Eating animal products is linked with gastro-intestinal cancer, constipation, gallstones and more.
A study from the Gastrointestinal Research Unit of the Leicester General Hospital in the United Kingdom found that “Vegetarians were found to have a lower incidence of gastro-intestinal cancer, gallstones, diverticular disease (a disease of the large intestine) and constipation.”
You now know that eating animal protein will rob you of your energy, weaken your immune system, plug up your digestive tract, and maybe even give you cancer or heart disease. You also know that fruit provides all of the nutrients that you need to be healthy. Consuming animal products will make your life mediocre. You’ll spend more time, money and energy on an animal-based diet, that will ultimately leave you battling illness at the mercy of the pharmaceutical industry. Alas, it was they that wrote the chapter on nutrition in the medical textbooks! Don’t settle for mediocrity. Choose instead what’s best for you and your family. Choose to thrive on fresh fruit and herbs, and avoid the needless suffering. Here are some delicious raw vegan recipes to get you started. Or visit Vida Lotus to learn more about healthy living.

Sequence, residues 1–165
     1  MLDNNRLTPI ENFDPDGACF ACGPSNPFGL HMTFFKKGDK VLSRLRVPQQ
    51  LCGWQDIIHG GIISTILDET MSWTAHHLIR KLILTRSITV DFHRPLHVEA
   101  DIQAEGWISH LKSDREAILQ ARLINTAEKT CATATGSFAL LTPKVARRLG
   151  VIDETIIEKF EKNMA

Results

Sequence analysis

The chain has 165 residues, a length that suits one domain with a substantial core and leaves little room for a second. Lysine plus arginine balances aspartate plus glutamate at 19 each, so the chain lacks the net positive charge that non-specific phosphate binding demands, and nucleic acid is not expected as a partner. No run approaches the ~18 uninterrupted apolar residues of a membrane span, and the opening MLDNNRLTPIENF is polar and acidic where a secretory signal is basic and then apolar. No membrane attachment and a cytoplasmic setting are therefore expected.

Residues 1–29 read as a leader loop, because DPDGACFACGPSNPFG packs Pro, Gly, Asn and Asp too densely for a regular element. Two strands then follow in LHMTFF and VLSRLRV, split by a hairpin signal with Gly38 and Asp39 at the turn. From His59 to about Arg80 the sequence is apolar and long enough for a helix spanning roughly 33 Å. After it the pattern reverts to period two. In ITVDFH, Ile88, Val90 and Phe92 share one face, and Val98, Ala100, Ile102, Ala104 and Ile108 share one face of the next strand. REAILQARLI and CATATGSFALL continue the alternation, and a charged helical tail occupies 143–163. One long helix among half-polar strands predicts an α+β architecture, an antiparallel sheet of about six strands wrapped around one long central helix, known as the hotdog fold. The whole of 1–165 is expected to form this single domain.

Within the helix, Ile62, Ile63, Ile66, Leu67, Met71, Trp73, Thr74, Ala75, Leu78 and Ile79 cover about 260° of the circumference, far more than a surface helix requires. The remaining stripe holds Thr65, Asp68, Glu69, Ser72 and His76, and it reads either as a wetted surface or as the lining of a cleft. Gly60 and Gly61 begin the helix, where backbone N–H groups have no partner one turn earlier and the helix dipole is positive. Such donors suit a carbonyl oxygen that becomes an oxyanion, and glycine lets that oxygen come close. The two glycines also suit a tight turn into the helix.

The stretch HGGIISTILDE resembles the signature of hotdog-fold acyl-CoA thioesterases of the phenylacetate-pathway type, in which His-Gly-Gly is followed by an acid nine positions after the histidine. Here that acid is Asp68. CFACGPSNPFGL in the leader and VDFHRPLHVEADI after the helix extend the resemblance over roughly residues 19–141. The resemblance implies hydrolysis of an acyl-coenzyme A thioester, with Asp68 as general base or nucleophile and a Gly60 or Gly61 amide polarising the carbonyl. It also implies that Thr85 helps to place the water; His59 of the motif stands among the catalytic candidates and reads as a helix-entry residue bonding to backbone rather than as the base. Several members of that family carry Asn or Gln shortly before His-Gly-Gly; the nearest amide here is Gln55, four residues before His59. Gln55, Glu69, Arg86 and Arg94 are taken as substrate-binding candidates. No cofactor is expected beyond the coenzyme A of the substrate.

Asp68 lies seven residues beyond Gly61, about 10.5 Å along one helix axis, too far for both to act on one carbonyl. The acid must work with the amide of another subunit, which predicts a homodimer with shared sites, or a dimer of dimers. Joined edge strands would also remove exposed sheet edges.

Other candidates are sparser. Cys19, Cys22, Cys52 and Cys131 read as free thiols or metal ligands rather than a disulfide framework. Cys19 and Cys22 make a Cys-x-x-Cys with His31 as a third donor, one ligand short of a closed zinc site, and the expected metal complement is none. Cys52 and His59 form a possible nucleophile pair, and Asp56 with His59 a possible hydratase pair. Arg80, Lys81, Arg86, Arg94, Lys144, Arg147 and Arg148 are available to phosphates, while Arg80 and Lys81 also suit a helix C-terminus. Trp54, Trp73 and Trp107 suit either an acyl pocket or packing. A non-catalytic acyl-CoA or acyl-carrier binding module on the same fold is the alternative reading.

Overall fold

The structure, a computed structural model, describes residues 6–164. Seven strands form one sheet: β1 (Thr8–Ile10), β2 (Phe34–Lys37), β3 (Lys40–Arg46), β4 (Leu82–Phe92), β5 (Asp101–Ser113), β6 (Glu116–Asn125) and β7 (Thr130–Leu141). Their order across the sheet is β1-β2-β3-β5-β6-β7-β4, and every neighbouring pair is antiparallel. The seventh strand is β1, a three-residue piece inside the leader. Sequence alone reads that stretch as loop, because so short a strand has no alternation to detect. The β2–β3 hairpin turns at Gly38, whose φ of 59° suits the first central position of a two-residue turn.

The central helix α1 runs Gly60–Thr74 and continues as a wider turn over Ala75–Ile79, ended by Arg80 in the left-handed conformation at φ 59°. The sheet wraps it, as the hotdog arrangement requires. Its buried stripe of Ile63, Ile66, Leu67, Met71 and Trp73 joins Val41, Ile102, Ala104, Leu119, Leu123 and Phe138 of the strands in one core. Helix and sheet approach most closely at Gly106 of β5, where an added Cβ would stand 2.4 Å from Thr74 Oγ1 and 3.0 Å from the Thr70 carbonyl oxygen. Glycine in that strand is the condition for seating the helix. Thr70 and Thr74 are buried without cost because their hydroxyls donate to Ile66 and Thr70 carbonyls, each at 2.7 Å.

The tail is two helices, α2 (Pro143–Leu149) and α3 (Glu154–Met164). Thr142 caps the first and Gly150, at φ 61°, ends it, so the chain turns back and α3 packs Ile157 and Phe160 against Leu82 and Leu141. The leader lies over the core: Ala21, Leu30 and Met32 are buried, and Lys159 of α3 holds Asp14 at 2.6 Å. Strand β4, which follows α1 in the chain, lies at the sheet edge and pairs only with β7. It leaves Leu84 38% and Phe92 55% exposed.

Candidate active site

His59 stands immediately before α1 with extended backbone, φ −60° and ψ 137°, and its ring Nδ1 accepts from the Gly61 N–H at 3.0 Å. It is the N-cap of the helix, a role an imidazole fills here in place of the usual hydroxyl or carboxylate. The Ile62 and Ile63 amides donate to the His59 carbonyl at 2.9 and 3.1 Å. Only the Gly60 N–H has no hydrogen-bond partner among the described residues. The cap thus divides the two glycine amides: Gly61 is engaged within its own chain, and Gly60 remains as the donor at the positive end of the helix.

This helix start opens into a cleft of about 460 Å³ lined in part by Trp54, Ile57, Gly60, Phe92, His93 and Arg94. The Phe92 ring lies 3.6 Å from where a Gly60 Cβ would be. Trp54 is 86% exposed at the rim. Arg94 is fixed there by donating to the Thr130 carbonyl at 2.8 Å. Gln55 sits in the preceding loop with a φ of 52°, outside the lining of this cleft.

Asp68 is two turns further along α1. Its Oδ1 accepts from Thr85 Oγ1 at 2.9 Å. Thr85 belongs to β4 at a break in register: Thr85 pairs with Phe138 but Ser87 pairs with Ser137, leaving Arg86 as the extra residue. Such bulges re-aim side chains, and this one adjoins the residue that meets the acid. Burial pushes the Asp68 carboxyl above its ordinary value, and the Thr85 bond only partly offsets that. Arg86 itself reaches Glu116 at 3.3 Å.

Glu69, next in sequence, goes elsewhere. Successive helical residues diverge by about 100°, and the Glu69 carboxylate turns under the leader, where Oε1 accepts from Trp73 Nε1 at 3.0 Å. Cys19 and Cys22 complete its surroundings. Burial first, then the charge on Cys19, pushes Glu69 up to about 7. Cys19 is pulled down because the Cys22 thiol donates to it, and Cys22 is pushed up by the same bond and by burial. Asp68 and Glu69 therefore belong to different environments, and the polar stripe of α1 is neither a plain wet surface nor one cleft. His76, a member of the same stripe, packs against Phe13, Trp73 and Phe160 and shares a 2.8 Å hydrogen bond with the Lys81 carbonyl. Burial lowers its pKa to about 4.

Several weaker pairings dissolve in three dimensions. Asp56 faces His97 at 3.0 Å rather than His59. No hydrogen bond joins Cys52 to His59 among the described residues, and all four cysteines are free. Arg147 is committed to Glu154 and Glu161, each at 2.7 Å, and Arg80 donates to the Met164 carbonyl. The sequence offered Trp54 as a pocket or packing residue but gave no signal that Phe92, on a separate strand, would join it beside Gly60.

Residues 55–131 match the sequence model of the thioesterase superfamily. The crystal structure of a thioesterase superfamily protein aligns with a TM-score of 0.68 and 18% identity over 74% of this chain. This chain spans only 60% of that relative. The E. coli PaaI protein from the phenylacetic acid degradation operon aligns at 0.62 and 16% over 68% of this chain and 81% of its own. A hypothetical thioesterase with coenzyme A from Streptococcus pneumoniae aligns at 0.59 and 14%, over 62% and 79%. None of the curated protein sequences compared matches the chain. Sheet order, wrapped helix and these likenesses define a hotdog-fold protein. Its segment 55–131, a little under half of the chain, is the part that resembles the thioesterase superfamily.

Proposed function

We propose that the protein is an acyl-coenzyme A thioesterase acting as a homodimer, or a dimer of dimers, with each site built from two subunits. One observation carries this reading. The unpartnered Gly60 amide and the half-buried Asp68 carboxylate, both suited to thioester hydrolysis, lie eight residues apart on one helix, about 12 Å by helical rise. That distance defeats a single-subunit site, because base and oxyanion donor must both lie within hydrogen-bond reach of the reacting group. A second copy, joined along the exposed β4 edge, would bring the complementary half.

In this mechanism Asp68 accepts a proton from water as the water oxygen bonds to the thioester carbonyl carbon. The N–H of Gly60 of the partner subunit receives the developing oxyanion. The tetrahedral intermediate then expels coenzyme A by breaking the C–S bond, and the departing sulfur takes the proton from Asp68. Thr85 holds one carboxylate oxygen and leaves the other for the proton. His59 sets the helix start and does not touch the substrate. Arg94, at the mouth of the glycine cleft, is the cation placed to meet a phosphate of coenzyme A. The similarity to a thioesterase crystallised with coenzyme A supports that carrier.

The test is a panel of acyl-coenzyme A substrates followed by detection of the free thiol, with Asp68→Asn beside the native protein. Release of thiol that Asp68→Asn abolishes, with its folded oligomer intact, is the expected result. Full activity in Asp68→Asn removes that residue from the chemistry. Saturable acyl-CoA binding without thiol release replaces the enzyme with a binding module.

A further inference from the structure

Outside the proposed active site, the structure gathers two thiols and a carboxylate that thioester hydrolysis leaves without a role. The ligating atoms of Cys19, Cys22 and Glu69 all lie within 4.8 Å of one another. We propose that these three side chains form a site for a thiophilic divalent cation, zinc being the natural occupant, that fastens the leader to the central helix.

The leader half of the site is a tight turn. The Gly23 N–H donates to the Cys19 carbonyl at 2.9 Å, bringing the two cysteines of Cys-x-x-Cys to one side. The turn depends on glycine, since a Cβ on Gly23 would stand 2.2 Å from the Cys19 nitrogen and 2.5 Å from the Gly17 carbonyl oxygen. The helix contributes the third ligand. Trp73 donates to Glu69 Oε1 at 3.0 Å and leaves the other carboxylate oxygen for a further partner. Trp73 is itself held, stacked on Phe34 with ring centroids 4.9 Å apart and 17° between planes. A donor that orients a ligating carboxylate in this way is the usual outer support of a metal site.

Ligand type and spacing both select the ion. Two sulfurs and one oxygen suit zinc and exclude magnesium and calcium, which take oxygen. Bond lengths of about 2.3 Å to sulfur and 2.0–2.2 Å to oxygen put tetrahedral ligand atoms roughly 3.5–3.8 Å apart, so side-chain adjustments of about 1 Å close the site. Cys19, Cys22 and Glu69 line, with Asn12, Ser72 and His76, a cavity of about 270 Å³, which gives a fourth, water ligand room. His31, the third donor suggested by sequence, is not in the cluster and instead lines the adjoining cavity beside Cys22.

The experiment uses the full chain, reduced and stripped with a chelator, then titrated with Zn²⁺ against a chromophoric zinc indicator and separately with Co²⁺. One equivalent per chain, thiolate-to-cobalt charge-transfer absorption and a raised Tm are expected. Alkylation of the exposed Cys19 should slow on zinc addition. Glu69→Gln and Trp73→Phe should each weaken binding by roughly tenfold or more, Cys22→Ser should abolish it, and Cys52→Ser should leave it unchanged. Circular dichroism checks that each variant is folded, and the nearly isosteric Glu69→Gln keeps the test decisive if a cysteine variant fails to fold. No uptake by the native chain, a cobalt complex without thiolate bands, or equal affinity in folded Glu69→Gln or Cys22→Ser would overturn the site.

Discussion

1. The 20 amino acids are, in alphabetical order: alanine, arginine, asparagine, aspartic acid, cysteine, glutamic acid, glutamine, glycine, hystidine, isoleucine, leucine, lysine, methionine, phenylalanine, proline, serine, therionine, tryptophan, tyrosine and valine.
The nine essential amino acids are hystidine, isoleucine, leucine, lysine, methionine, phenylalanine, therionine, tryptophan, and valine.